For the foregoing reasons, we reverse the majority decision of the court of appeals, agreeing with rationale of Judge Garcia’s dissent. The judgment of the trial court is AFFIRMED.


SCARBOROUGH, C.J., and SOSA, Senior Justice, concur.

STOWERS, J., dissents.

RANSOM, J., not participating.

STOWERS, Justice,


I dissent.

The majority argues that the district court was justified in aggregating petitioner Maria Justiz’s (Justiz) wages from her two separate but concurrent employments pursuant to NMSA 1978, Subsection 52-1-20(C). However, by the clear and unambiguous language of this statute, Subsection C is only appropriate when the average weekly wage cannot be fairly computed by the methods of computation provided for in Subsection B. No evidence was introduced in this case to prove that Justiz’s average weekly wage could not be fairly computed according to Subsection B. The majority’s reliance on Subsection C is therefore misplaced.

In its findings of fact and conclusions of law, the district court stated:

Combining the compensation rate for the two jobs (up to the maximum) was done because of § 52-1-25 N.M.S.A. 1978. Disability is decided by all of the work which a person is fitted.- If disability can be denied because a workman can do other work than what he was doing at the time of the accident, then it seems only fair that all the work he was doing should be considered for determining the amount of compensation. [Emphasis added.]

What the district court considered “fair” under the circumstances should not be confused with the statutory term “fairly computed.” As interpreted by this Court earlier in the case of Kendrick v. Gackle Drilling Co., 71 N.M. 113, 376 P.2d 176 (1962), Subsection C (virtually identical to the former subsection at issue in the Kendrick case) is to be used in circumstances where, because of some practical difficulty such as the employee working only four days at the job, the actual mathematical computation of the employee’s average weekly wages cannot be fairly computed by Subsection B of the same statute. Subsection C itself provides several examples of the type of situation wherein the “methods of computing the average weekly wage of the employee” cannot be fairly computed. Such examples include “the nature of the employment or the fact that the injured employee has not worked a sufficient length of time to enable his earnings to be fairly computed thereunder, or has been ill or in business for himself.” The present case simply does not fall within the category of cases described in Subsection C.

Moreover, New Mexico has already addressed the issue of workmen’s compensation liability in dual employment situations. The case of Clemmer v. Carpenter, 98 *350N.M. 302, 648 P.2d 341 (Ct.App.), cert. denied, 98 N.M. 336, 648 P.2d 794 (1982), described dual employment as follows:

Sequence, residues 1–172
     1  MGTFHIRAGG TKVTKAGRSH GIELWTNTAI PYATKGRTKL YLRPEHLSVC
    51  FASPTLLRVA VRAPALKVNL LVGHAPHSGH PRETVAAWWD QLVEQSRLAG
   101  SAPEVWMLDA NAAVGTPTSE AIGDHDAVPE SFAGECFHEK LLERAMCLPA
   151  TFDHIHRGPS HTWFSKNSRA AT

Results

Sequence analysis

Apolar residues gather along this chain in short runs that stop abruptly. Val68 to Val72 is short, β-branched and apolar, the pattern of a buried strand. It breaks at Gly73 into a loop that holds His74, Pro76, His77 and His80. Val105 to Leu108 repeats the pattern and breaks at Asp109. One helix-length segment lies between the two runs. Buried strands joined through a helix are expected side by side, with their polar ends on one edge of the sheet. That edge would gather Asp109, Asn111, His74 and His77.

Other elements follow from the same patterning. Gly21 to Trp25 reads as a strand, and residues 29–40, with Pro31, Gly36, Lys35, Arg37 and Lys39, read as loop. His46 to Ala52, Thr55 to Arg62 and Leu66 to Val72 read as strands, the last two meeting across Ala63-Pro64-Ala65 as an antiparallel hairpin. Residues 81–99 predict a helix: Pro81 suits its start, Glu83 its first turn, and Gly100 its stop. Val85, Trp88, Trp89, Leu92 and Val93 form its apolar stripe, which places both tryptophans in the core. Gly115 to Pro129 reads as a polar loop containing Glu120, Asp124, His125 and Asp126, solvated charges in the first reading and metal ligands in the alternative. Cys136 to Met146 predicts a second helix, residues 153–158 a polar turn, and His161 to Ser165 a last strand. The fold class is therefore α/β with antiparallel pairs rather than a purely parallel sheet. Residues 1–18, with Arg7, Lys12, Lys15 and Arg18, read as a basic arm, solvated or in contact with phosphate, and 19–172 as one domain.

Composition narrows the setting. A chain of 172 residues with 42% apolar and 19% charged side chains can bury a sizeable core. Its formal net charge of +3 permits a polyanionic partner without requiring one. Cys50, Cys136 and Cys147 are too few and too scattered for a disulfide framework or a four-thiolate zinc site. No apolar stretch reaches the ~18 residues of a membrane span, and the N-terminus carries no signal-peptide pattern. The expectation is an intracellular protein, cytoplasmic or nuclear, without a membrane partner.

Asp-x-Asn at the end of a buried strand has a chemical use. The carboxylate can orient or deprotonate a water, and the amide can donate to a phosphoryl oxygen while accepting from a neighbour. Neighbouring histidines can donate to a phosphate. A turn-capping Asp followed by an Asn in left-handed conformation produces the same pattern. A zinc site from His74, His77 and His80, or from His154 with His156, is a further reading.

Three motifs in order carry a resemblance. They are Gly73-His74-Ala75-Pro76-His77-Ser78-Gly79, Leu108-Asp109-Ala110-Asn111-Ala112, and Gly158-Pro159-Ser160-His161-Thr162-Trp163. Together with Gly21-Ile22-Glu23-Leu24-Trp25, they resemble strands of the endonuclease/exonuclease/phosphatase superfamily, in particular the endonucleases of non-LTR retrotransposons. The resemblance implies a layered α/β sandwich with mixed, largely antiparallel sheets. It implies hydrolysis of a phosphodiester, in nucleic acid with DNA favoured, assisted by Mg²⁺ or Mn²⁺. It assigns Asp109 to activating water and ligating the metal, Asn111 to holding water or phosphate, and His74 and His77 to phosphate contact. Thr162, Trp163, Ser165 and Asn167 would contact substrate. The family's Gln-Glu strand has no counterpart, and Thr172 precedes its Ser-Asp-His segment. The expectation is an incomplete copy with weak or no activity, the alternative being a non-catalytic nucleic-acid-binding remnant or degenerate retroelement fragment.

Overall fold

Dual employment occurs when a single employee, under contract with two employers, and under the separate control of each, performs services for the most part for each employer separately, and when the service for each employer is largely unrelated to that for the other. In such a case, the employers may be liable for workmen’s compensation separately or jointly, depending on the sever-ability of the employee’s activity at the time of injury.

Id. at 308, 648 P.2d at 347 (quoting 1C A. Larson, The Law of Workmen’s Compensation § 48.40 (1980)). Next, the court went on to very clearly specify how liability for workmen’s compensation was to be determined. It stated:

In dual-employment situation, if the accident occurs when the work[er] is clearly performing services for only one employer, then that employer is liable for any workmen’s compensation benefits. If, however, the services being performed at the time of the accident cannot be attributed to a specific employer, but are services performed for both employers, then both employers are liable.

Id. at 309, 648 P.2d at 348 (emphasis added).

While the court of appeals’ dissent, in which the majority relies in this case, summarily dismissed the Clemmer case as being inapplicable in that the Clemmer case dealt with the doctrine of dual employment while the present case is one of concurrent employment, I find this a distinction without substance. Justiz’s employment situation fits squarely within the Clemmer definition of dual employment. Consequently, since the accident occurred while Justiz was clearly performing services for only one employer, Walgreen’s, then only Walgreen’s should be liable for any workmen’s compensation benefits. See Clemmer.

The use of the term “fairly computed” in the statute is presumed to carry its ordinary meaning. See State v. Lujan, 103 N.M. 667, 670, 712 P.2d 13, 16 (Ct.App.1985), cert. denied, 103 N.M. 740, 713 P.2d 556 (1986) (citations omitted). Accordingly, I think the district court erred in aggregating Justiz’s wages as there was nothing to prevent their fair computation pursuant to Subsection B as provided by the Legislature.

I believe the court of appeals’ majority opinion correctly disposed of the issues in this case. I therefore dissent.